Google has launched a version of Android Pay called Hands Free that allows you to pay for things with your smartphone without actually having to get it out of your pocket or bag. Using an app on your phone, when you want to pay for goods, the cashier simply takes your initials and uses the picture on your Hands Free profile to confirm your identity.
The service is currently being tried out in a few shops in the San Francisco South Bay area using Bluetooth Low Energy, WiFi, location services on your phone and other sensors to let you know when you’re near a participating store. Some shops are using an even more simple system that allows you to pay automatically via a camera that recognizes you and then eliminates the image after the transaction is completed.
There are already a number of different schemes out there to simplify payment: Apple launched its Apple Pay in September 2014 with a demonstration showing how much easier it is just to hold your phone in front of a TPV terminal rather than using a credit card, or heaven forbid, paying with cash. Apple decided to take on Google after users reported problems with the latter’s system throughout 2014, touting its usual “it just works” approach. The similarities between Apple’s launch video and Google’s latest venture are notable:
Google later changed the name from Google Wallet to Android Pay, simplifying the system to make it more like Apple’s. Before that, in 2012, Square had launched Pay with Square, a similar hands-free system that it cancelled in May of 2014 and replaced with Square Order, which allows users to order goods ahead, and then skip the queue. The system identified you from a photograph inputted into the app.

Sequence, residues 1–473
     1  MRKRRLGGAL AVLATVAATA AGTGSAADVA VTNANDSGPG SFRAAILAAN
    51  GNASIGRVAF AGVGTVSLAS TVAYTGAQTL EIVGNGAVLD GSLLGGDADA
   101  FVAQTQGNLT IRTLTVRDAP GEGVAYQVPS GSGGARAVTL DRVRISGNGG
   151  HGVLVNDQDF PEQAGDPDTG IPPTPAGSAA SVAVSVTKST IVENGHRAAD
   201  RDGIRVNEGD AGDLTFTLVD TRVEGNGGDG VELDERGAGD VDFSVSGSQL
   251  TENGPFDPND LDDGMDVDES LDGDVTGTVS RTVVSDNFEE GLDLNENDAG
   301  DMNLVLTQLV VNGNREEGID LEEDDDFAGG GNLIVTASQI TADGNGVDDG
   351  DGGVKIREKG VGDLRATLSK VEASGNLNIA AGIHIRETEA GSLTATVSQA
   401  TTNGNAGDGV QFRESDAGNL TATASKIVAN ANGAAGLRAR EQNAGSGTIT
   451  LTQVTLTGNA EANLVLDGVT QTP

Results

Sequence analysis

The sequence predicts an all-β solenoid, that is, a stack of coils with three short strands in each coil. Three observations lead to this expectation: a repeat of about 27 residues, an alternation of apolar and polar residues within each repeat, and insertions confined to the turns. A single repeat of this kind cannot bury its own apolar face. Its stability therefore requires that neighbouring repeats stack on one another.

The appeal of these kinds of systems is clear: being able to buy stuff in shops simply by giving your initials and having your identity established by the photograph the shop assistant or a camera sees in an application that has detected the presence of your phone is about as hassle-free as it gets, and what’s more, it’s secure.
In short, it’s almost as if you’re not actually paying. If Google’s trial runs are successful, as is expected, it will launch en mass. This will trigger Apple to respond in kind, meaning the systems would be taken up by many people in a relatively short time.
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